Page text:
Your Whisky Has Nuclear Fallout With It, And Its Used To Identify Forgeries
A major threat to the Scotch whisky industry is the sale of counterfeit single malt whiskies with purported distillation years in the 19th and early- to mid-20th centuries. However, these are often much more recent spirits, distilled in the latter part of the 20th or first part of the 21st century. These sales impinge upon the reputation of auction houses, retailers, brand owners, and distillers.
Auction sales of rare, single malt Scotch — whisky made of malted barley, produced at a single distillery in Scotland — have skyrocketed in recent years. More than 100,000 bottles were sold at auction in 2018 for a total value of $49 million. The most expensive bottle, a 1926 Macallan Valerio Adami, sold for more than $1 million.
“This massively increasing interest in the purchase of these rare products as investments has resulted in an accompanying increase in the production of fraudulent products that are difficult to detect,” the scientists wrote.
Techniques such as infrared spectroscopy and chemical analysis can separate genuine whiskeys from fakes by isolating and comparing aspects of their alcohol composition and ratios of volatile compounds. But these methods can’t confirm a whisky’s age.
The Nuclear Way
The atmospheric testing of nuclear weapons in the 1950s and early 1960s has created a precise calibration curve.
Nuclear bombs that were detonated spewed the radioactive isotope carbon-14 into the atmosphere; from there, the isotope was absorbed by plants and other living organisms and began to decay after the organisms died. Traces of this excess carbon-14 can therefore be found in barley that was harvested and distilled to make whisky and just about anything else.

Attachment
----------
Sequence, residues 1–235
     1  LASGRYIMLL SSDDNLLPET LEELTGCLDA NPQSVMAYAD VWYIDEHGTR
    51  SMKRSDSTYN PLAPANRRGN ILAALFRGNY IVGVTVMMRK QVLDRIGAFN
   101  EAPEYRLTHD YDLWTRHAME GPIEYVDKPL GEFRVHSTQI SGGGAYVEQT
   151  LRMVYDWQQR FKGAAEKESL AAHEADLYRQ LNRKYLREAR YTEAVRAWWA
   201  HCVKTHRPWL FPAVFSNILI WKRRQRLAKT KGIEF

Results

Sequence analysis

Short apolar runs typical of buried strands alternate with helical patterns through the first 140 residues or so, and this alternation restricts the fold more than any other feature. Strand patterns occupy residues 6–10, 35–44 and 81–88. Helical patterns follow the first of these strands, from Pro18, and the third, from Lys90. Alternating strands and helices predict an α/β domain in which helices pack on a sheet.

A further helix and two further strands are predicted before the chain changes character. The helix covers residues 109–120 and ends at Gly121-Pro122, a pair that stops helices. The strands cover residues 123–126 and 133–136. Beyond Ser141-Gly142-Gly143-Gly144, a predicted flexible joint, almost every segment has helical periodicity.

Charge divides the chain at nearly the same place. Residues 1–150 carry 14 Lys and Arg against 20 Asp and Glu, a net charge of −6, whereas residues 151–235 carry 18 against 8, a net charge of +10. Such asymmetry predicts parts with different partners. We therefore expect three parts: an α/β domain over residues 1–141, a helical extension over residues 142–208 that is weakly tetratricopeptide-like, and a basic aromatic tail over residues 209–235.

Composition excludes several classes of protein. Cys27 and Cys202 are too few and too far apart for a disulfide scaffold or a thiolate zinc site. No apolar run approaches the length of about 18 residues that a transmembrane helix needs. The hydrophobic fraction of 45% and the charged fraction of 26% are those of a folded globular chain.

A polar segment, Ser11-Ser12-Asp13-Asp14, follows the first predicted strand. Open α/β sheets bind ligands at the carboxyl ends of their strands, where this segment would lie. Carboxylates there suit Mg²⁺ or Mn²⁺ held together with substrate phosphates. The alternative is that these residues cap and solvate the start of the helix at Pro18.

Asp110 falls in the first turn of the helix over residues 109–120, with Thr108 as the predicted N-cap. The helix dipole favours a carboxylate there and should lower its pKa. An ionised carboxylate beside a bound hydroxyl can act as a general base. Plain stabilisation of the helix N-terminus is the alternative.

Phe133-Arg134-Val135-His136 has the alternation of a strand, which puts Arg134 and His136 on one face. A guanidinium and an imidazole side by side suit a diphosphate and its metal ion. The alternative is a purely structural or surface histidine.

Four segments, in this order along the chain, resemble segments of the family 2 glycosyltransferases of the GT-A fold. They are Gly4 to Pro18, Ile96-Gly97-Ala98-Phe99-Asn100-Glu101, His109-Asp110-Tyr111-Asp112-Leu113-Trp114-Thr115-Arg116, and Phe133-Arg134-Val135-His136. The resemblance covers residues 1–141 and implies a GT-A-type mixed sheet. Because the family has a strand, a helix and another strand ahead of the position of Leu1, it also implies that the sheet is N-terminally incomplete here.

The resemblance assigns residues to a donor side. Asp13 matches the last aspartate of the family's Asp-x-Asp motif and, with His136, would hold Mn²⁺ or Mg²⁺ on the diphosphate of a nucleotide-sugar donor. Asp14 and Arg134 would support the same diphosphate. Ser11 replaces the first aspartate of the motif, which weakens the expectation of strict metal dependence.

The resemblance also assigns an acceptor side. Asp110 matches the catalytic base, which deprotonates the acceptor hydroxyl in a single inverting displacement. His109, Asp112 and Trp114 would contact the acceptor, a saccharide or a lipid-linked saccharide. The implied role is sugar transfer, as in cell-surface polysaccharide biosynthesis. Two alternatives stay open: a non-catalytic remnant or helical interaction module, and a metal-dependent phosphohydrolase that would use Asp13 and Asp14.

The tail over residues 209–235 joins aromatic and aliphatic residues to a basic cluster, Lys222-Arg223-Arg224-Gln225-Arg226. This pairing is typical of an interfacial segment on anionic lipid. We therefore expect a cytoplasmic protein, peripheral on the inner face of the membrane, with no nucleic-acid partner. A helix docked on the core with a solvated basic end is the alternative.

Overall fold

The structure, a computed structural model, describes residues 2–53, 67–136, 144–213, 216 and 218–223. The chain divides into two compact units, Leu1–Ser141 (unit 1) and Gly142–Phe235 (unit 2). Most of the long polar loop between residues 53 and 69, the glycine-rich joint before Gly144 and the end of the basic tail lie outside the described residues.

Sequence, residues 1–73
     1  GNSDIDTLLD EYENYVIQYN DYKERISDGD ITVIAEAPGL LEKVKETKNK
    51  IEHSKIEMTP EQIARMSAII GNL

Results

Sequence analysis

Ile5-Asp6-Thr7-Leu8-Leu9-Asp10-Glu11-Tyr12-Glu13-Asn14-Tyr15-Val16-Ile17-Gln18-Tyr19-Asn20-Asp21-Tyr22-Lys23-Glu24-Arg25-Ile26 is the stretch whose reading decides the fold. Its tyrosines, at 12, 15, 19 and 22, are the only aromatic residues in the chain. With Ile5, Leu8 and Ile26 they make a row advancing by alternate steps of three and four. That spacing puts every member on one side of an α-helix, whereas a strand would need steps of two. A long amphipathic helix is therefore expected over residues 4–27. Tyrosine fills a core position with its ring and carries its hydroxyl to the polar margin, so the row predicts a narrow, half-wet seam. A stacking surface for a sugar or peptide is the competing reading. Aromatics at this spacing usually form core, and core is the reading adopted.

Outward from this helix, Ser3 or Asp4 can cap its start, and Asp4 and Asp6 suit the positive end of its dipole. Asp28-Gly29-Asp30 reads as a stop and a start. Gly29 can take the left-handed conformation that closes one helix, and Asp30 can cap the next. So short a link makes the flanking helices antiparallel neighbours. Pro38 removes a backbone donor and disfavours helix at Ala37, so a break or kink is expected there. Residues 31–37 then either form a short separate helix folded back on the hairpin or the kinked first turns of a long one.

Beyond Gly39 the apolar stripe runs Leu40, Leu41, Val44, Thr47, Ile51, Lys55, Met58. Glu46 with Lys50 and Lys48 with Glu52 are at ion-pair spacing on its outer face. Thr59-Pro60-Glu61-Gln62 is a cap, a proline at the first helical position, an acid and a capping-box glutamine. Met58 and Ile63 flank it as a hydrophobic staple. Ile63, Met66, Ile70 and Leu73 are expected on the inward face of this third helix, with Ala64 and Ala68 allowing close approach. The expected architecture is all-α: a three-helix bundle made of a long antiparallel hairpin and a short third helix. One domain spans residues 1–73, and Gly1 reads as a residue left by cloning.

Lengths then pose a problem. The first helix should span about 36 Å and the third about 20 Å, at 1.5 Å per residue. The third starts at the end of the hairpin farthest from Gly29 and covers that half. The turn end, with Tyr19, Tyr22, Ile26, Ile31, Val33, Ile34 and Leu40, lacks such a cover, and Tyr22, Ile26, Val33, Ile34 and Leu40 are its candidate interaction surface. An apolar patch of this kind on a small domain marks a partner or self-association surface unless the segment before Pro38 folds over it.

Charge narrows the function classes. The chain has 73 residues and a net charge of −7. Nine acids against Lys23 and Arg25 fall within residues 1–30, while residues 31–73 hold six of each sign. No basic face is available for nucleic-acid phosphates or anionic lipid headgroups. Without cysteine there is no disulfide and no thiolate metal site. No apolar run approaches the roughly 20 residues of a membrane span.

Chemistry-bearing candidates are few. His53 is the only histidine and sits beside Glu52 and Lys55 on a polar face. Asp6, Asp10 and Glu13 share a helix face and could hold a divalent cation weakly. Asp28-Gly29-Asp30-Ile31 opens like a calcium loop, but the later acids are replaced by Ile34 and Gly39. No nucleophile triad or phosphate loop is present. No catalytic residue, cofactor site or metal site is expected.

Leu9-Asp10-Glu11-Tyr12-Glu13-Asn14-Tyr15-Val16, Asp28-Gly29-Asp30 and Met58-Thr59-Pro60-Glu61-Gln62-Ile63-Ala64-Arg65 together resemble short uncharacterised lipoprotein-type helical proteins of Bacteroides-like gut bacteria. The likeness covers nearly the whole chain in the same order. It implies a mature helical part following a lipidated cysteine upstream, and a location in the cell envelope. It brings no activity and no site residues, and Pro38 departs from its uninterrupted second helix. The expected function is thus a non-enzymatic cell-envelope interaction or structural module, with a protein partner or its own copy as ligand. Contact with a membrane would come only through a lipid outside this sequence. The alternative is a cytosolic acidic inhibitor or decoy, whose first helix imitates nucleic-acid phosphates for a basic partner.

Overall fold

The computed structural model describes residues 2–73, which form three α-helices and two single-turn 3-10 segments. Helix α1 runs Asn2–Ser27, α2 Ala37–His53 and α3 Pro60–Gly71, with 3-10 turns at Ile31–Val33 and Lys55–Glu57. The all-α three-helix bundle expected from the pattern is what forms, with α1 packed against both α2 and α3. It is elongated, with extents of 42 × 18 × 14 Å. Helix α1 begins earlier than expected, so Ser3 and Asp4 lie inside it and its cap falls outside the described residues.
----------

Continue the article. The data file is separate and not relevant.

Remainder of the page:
Carbon-14 has a known decay rate; by calculating the amount of the isotope in a given whisky batch, scientists can then determine if a bottle’s contents were produced after the start of the nuclear age — and if that age matches the date written on the bottle’s label.
Scientists with the Radiocarbon Lab at the Scottish Universities Environmental Research Centre (SUERC) in Glasgow, Scotland, realized that accurately dating whisky based on the carbon-14 content could be tricky, as harvested barley may be stockpiled for years before being sent to a distillery. The researchers adjusted for that by creating a calibration curve, referencing carbon-14 data from whiskeys with known distillation years from 1950 to 2015.
Then, they evaluated allegedly rare whiskeys from 1847 to 1978 and found that nearly half the bottles weren’t as old as they were supposed to be. One bottle, a Talisker with a label indicating it was distilled in 1863, was likely distilled between 2007 and 2014. A bottle of Ardbeg from 1964 was probably distilled after 1995, and a Laphroaig labeled 1903 dated to 2011 or later.
In other words, despite the hefty price tags that some rare whiskeys command at auction, it would seem that sinking your money into luxury Scotch isn’t as sure as you might have hoped, according to the study.
“Our experiences have suggested that many fake products are being sold,” the researchers reported.
The findings were published online on Jan. 8 in the journal Radiocarbon.